The term 'nation-building' has experienced a remarkable renaissance since the early 1990s. It has been used to describe and to justify the military interventions in Somalia, Afghanistan and Iraq. Linked to the idea of 'failed' or 'failing' states, the concept is used to hide and legitimise a whole range of diverse policies, allowing foreign powers to control and reshape countries in areas of conflict.
Currently the international debate on nation building is heavily dominated by US actors and authors, especially by writers connected to the Bush administration or its policies. This book presents academic and political alternatives, presenting a critical view from 'Old Europe'.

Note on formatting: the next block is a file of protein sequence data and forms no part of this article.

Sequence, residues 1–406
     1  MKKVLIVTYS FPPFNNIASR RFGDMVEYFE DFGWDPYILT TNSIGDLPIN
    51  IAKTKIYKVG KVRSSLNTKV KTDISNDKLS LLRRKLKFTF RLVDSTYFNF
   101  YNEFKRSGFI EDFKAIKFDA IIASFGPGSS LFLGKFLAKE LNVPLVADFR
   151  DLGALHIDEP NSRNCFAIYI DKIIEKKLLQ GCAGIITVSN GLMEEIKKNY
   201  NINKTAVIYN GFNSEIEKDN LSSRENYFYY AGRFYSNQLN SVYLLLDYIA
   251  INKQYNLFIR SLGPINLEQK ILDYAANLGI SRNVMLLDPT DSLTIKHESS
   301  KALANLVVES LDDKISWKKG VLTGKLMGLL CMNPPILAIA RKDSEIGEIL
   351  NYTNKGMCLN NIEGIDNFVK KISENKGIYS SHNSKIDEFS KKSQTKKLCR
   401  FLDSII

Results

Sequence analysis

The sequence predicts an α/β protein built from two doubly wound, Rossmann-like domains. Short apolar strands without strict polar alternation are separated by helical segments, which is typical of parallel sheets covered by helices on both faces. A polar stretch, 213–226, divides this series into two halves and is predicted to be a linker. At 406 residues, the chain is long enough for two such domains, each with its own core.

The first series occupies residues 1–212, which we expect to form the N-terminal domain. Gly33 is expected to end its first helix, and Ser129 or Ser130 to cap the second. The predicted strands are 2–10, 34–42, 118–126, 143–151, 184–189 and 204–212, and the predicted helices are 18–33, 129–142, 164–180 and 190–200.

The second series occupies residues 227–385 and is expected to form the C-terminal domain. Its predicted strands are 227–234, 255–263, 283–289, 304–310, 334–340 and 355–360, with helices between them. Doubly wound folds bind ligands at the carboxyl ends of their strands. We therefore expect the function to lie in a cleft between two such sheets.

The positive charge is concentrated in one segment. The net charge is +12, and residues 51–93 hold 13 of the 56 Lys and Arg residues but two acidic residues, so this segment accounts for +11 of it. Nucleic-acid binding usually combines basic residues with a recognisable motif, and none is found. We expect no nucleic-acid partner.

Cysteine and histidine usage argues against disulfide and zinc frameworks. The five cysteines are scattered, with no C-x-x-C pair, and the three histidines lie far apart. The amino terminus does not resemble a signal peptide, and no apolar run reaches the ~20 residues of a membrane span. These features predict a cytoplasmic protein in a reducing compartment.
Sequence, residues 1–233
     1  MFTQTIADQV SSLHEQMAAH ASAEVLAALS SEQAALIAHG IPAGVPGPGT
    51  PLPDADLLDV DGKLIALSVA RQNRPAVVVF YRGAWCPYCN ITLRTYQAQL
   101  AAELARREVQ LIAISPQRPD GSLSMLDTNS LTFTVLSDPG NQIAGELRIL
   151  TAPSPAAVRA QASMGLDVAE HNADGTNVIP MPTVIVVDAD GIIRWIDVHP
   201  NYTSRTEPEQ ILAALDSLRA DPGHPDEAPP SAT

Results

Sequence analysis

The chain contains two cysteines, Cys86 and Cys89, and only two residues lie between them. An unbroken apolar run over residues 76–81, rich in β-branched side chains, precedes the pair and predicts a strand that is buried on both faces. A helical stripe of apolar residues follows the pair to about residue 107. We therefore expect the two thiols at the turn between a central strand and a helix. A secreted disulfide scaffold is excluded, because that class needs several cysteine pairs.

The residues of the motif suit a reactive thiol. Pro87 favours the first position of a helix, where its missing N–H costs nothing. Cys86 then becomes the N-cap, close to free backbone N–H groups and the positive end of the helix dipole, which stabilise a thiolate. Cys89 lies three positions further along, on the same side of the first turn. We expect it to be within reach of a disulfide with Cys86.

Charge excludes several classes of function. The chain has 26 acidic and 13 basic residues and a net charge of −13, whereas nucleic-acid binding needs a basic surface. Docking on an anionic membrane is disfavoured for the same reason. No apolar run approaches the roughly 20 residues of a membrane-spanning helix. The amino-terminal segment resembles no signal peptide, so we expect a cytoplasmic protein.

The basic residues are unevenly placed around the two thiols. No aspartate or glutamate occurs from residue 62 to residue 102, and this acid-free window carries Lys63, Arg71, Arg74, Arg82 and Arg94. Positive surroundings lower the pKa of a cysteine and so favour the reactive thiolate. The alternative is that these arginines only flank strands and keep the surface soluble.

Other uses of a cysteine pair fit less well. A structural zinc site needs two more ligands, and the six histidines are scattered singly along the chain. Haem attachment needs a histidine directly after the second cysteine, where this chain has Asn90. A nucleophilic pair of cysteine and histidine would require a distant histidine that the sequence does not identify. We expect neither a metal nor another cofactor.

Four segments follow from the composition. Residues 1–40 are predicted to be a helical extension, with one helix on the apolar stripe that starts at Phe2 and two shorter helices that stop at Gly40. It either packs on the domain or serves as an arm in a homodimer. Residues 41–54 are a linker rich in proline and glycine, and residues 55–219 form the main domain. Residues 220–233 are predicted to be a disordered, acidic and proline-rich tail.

The book combines academic research and analysis with policy orientation, with contributors from both fields. It clarifies the terminology distinguishing developmental, peace-related, imperial and analytical approaches to nation-building. Highlighting its connections to globalization, democracy, ethnic and religious minorities, the contributors consider case studies such as Somalia, the Balkans, Afghanistan, Iraq and Nigeria. This is a useful book, basically policy-orientated rather than theoretical. As rebuilding after conflict is likely to be an on-going need, the book contains really useful observations -- International Journal on World Peace